Oregon at the Beards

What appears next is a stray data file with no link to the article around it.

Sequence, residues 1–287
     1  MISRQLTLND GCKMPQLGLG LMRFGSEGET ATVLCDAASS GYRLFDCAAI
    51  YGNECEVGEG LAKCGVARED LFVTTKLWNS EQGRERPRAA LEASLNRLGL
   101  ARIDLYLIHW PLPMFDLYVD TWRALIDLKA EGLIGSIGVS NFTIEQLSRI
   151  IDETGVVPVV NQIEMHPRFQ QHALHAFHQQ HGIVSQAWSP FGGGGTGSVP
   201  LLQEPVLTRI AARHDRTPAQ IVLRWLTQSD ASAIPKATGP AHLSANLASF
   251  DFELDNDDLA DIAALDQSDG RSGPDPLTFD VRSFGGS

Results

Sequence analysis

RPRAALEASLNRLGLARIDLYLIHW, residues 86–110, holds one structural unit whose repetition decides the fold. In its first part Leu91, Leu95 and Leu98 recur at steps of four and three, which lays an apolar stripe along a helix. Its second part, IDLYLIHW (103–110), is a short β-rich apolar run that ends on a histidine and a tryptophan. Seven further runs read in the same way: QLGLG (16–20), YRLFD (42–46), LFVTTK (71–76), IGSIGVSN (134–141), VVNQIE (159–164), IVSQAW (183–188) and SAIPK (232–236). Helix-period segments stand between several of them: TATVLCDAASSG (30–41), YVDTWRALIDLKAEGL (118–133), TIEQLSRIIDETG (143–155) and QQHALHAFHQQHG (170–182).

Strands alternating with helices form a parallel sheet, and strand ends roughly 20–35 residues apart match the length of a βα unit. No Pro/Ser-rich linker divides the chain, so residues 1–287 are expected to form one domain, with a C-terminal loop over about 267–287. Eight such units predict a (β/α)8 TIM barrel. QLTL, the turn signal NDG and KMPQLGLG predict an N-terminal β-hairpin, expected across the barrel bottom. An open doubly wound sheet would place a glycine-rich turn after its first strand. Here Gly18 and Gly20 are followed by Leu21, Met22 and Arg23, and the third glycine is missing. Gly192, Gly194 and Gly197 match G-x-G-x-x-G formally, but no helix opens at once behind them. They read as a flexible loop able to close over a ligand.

Oregon chef has his own Big Night at New York gala from the Portland Oregonian FOODday section today, May 15, 2007   Park Kitchen‘s Scott Dolich didn’t win a Beard award, but that didn’t stop his revelry -Tuesday, May 15, 2007CHRISTIAN DeBENEDETTINEW YORK CITY — For Scott Dolich, chef of Portland’s Park Kitchen, the night really began with a camera flash. Not from the paparazzi lining the velvet ropes (those would come moments later) but from his own, as the nominee for the James Beard Foundation award for best chef in the Northwest snapped a shot of his 5-year-old daughter, Maddie, on her very first red carpet walk.”Actually, the night began with me getting a bit carsick as I tried to tie my own bow tie using directions I printed off the Internet,” Dolich later joked.Tricky formalwear notwithstanding, there was much to be excited about. For one, this year’s event commemorated the 20th anniversary of the foundation, named for Beard, an Oregon native often called the “Father of Gastronomy.” It was also the 17th annual incarnation of the awards, considered nothing less than the Oscars of the food world. This year, the ceremony was moved from the Marriott Marquis to Lincoln Center’s Avery Fisher Hall, which, lined with white marble and soaring windows, exudes midcentury elegance.There, Dolich arrived with his parents and daughter at a scene more akin to a Hollywood blockbuster premiere than a foodie gathering. The sold-out gala was thronged with 1,600 of the world’s top chefs, including Thomas Keller and Jean-Georges Vongerichten, as well as food journalists and assorted celebrities, such as Martha Stewart and Salman Rushdie.For Dolich, whose parents are Brooklynites by birth, it was his first James Beard Awards and first red carpet, too, but he moved amid the fuss with the calmness of a guy who has been to the big dance before. “This is pretty over the top,” he said, strolling through the crowd after the ceremony, a cocktail in hand, “something that we never ever see in Portland. It’s the first time I’ve actually worn a tux to a food event.”The awards ceremony itself, simultaneously glam and goofy (music cues included “Cheeseburger in Paradise” and “American Pie”), was almost a distraction, as guests were chomping at the bit to dig into all the food and drink laid in for the night. About midceremony, Bobby Flay announced Seattle’s John Sundstrom (of Lark and Licorous) as the winner in the Best New Chef: Northwest category (a complete list of winners is at www.jamesbeard.org). Dolich was unfazed, gracious in defeat. Surveying the scene a short while later in the lobby, he seemed a man content.”The real consolation prize was explaining it all to my daughter, because she kept on saying, ‘Did you win? Did you win?’ I explained to her that, no, I didn’t win, but it’s good to be nominated, and fun anyway,” he said.Throughout the room, he greeted a stream of well-wishers. “Lots of my heroes are here, Jacques Pepin to David Chang, all these people that I look up to and respect,” Dolich said. Revelers circulated through tables laden with finger-food-size offerings of Kobe beef, foie gras and morels as a jazz combo jammed away. Dolich made a beeline to sample Chang’s poached green asparagus with miso butter and rice crackers. Andrew Carmellini of New York’s A Voce (a nominee for best new restaurant) was nearby, serving up warm duck meatballs.If rivalries and reputations had been on the line a few moments before, no such tension showed. “I was talking to John (Sundstrom) before the event,” Dolich said, “and he was telling me how good his lunch was at Park Kitchen. At the same time, I was telling him that I hope he wins. To be honest, it would have been kooky if he didn’t win. . . . He deserved it.”As the crowd thinned out, the diehards clustered in a corner. Dana Cowin, editor-in-chief of Food & Wine magazine, came up to embrace Dolich, and suddenly another luminary was shaking his hand: Daniel Boulud, who announced he would soon be holding court at a trendy midtown restaurant.Dolich’s parents and sleepy daughter had headed home early, and it was time to blow off some (more) steam. First stop, Todd English‘s party at Olives, in Union Square. As Dolich arrived, David Chang and company had parked a party bus (complete with fog machine and disco light) out in front and a bevy of young women wobbled from its interior, laughing hysterically. Inside Olives, the scene was rather less serene. “Let’s get out of here,” said Dolich, and he headed down the block to join up with Sundstrom’s low-key entourage at the quiet, dark Bar Jamón. There the two chefs huddled over tapas, chatting and clinking toasts with sparkling rose. No one made speeches; plenty had been endured before. Eventually the decision was made to head downtown for more food. The all-Northwest group was in the mood for something James Beard would have enjoyed as much as, if not more than, any black-tie ball: a ramshackle taco stand on a quiet street downtown.

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